Sugar Causes Cancer
Cancer is linked to high levels of sugar in the diet. Less than one hundred years ago, in 1931, scientists discovered that cancer cells have a fundamentally different metabolism with regard to energy compared to healthy cells. They learned that malignant tumors exhibit an increase in anaerobic glycolysis—the process in which glucose is converted to fuel by cancer cells, thus creating lactic acid as a by-product.The large amount of lactic acid that is produced in this manner is then transported to the liver and creates a lower, more acidic pH in the cancerous tissues in addition to symptoms of physical fatigue due to the buildup of lactic acid. In other words, they discovered that larger tumors seemed to exhibit a more acidic pH.[wpdevart_youtube]https://www.youtube.com/playlist?list=PLazByfaBHqRGtUiyPW6fGjZl5gORuk1OL[/wpdevart_youtube]
The Main Event: You vs. Sugar
When our bodies develop insulin resistance, we must secrete more insulin to process the sugars in our diet; but unfortunately, insulin, as well as a related hormone is known as an insulin-like growth factor, actually promotes tumor growth. Gary Taubes, in his 2011 New York Times article, says this: The cells of many human cancers come to depend on insulin to provide the fuel (blood sugar) and materials they need to grow and multiply…the more insulin, the better they do. Some cancers develop mutations that serve the purpose of increasing the influence of insulin on the cell; others take advantage of the elevated insulin levels that are common to metabolic syndrome, obesity, and type 2 diabetes. Some do both. [Craig Thompson, president of Memorial Sloan-Kettering Cancer Center in New York] believes that many pre-cancerous cells would never acquire the mutations that turn them into malignant tumors if they weren’t being driven by insulin to take up more and more blood sugar and metabolize it.
Elevated insulin, especially as seen in an obese or overweight society, often shows up in the development of many cancers, especially in breast and colon cancers. Lewis Cantley, director of theCancer Center at Beth Israel Deaconess Medical Center at Harvard Medical School, has suggested that 80 percent of human cancers are promoted by mutations of cells and/or environmental factors that enhance the influence of insulin on tumor cells, causing them to grow.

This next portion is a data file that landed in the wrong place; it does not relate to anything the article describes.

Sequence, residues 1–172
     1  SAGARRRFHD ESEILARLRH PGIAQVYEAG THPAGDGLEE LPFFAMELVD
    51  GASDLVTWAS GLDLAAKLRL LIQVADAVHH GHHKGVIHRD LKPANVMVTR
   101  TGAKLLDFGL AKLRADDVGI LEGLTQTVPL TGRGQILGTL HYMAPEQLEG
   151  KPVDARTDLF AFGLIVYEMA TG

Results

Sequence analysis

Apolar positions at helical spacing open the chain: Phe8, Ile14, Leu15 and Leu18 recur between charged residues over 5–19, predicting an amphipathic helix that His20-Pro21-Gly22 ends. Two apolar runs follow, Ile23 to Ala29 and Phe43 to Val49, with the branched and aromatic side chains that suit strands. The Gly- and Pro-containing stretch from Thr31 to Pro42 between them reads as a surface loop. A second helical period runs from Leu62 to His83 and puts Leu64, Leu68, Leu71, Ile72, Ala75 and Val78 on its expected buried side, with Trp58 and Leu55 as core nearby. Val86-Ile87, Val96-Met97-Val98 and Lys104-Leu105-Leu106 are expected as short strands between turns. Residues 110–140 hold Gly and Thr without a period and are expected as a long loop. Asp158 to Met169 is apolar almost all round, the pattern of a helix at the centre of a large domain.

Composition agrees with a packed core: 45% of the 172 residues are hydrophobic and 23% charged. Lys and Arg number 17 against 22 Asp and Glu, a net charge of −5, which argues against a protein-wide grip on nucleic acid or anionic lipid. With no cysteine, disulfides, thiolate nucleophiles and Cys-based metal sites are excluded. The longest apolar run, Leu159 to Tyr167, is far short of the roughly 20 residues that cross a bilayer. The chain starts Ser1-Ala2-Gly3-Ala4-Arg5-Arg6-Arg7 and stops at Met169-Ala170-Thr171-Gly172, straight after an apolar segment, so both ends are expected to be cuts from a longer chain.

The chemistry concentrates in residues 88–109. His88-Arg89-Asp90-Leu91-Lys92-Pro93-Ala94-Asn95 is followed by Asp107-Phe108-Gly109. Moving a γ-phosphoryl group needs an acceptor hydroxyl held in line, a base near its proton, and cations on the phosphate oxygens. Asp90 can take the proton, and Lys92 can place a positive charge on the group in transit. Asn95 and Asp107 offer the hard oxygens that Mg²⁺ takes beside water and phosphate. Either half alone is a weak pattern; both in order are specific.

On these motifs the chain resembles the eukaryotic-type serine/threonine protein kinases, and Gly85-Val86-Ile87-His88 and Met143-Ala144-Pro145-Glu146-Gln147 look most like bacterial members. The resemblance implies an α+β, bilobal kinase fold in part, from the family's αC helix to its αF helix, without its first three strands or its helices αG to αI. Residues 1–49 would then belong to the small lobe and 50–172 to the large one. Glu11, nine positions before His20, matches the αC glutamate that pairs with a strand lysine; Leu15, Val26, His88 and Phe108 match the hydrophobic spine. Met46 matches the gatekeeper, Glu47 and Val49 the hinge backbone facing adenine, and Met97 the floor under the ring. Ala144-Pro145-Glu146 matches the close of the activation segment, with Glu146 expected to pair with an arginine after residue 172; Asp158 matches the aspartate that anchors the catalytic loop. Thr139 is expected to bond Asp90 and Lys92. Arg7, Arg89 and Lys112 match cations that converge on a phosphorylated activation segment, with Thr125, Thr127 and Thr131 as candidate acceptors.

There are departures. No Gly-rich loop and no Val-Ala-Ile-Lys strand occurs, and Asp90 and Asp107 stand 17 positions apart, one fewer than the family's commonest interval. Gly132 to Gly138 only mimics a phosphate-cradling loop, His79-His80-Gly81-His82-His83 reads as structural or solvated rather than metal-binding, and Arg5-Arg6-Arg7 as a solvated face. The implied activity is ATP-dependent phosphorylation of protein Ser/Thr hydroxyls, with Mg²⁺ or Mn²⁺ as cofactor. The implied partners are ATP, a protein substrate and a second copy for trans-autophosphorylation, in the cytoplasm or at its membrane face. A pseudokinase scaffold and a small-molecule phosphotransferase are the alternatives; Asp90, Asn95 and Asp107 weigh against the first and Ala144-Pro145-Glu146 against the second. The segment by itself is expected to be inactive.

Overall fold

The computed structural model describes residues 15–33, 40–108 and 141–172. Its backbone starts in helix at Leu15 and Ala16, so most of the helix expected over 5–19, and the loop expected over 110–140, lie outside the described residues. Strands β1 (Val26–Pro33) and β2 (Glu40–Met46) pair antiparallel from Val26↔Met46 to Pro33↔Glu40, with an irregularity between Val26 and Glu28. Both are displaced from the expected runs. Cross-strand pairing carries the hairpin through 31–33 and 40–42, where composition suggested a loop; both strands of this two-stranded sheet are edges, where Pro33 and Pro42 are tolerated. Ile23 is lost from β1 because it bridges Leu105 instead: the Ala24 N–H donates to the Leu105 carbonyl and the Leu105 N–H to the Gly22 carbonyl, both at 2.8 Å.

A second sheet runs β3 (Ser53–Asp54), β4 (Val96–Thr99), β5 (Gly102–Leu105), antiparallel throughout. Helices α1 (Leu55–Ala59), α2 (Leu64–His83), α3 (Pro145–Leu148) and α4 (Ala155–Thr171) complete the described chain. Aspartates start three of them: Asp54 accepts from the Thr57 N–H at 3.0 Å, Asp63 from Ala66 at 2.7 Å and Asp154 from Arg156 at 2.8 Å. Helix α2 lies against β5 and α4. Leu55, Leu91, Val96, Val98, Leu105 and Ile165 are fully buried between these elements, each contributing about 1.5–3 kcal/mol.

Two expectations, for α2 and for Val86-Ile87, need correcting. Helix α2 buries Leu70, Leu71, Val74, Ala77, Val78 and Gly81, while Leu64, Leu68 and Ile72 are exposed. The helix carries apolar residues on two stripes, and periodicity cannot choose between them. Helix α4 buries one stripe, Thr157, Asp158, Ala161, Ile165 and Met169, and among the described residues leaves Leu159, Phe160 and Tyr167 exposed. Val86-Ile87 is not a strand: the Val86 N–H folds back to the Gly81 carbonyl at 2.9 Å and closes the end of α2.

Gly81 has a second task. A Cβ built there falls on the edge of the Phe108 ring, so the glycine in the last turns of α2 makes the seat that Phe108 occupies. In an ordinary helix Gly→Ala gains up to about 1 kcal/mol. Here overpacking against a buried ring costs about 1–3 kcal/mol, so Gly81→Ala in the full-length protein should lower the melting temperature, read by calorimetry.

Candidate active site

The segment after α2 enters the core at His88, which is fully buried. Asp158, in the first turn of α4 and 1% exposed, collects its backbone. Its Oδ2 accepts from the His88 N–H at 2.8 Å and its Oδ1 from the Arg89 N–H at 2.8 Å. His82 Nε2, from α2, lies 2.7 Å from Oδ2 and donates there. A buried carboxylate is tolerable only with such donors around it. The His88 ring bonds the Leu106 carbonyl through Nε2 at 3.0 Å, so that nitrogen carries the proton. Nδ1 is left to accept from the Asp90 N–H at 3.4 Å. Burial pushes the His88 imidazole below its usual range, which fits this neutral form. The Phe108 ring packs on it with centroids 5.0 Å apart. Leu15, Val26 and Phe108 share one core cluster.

Could it be possible that by avoiding sugar we could suppress insulin’s effect on cancer cell growth?
For this very reason, some of the researchers in this study have chosen to avoid sugar or high-fructose corn syrup. “I have eliminated refined sugar from my diet and eat as little as I possibly can,” Thompson said, “because I believe ultimately it’s something I can do to decrease my risk of cancer.” Sugar should scare you too. It scares me. My mother died of breast cancer when I was six years old, and she was only forty-four. I learned that her diet was high in sugar and low in vegetables, which she didn’t like very much. She had a “sweet tooth” like my grandfather. Unfortunately, she never learned the dangers of the treats she loved so much.
This is an excerpt from my book The Juice Lady’s Sugar Knockout.
This wholesome, wheatless, easy-to-make dessert is delicious served plain, either warm or cold. You really can have sugar free desserts that are delicious.
- 6 medium apples, sliced (2 1/2 to 2 3/4 pounds)
- 2 Tbsp. lemon juice
- 2 Tbsp. coconut syrup
Place sliced apples in a shallow baking dish. Sprinkle them with lemon juice and then drizzle coconut syrup over them.
- 2 cups rolled oats
- 1/3 cup unrefined coconut oil
- 1 tsp. vanilla
- 2 tsp. cinnamon
- 1/2 tsp. cardamom
- 1/3 cup coconut syrup
Place oats and oil in a food processor. Blend until well-combined. Keep blending and add vanilla, cinnamon, and cardamom. Continue blending and drizzle in coconut syrup. Blend for a few seconds more to mix the dough.
Distribute this mixture over the top of the apple mixture. Use a wet fork to spread it out and flatten it out somewhat. Don’t worry if it looks a little sloppy. It will look just fine after it bakes. Bake at 350 degrees for 50 minutes, or until fruit is tender and bubbly and the top is crispy brown. Serves 6.
- Substitute 1/2 cup raisins or currants for the coconut syrup that is added to the apples and add about 1/4 cup apple juice or water to the pan with the fruit.
- Substitute pears, blueberries, or blackberries for part of the apples.
- Add about 1/2 cup chopped walnuts or pecans to the topping
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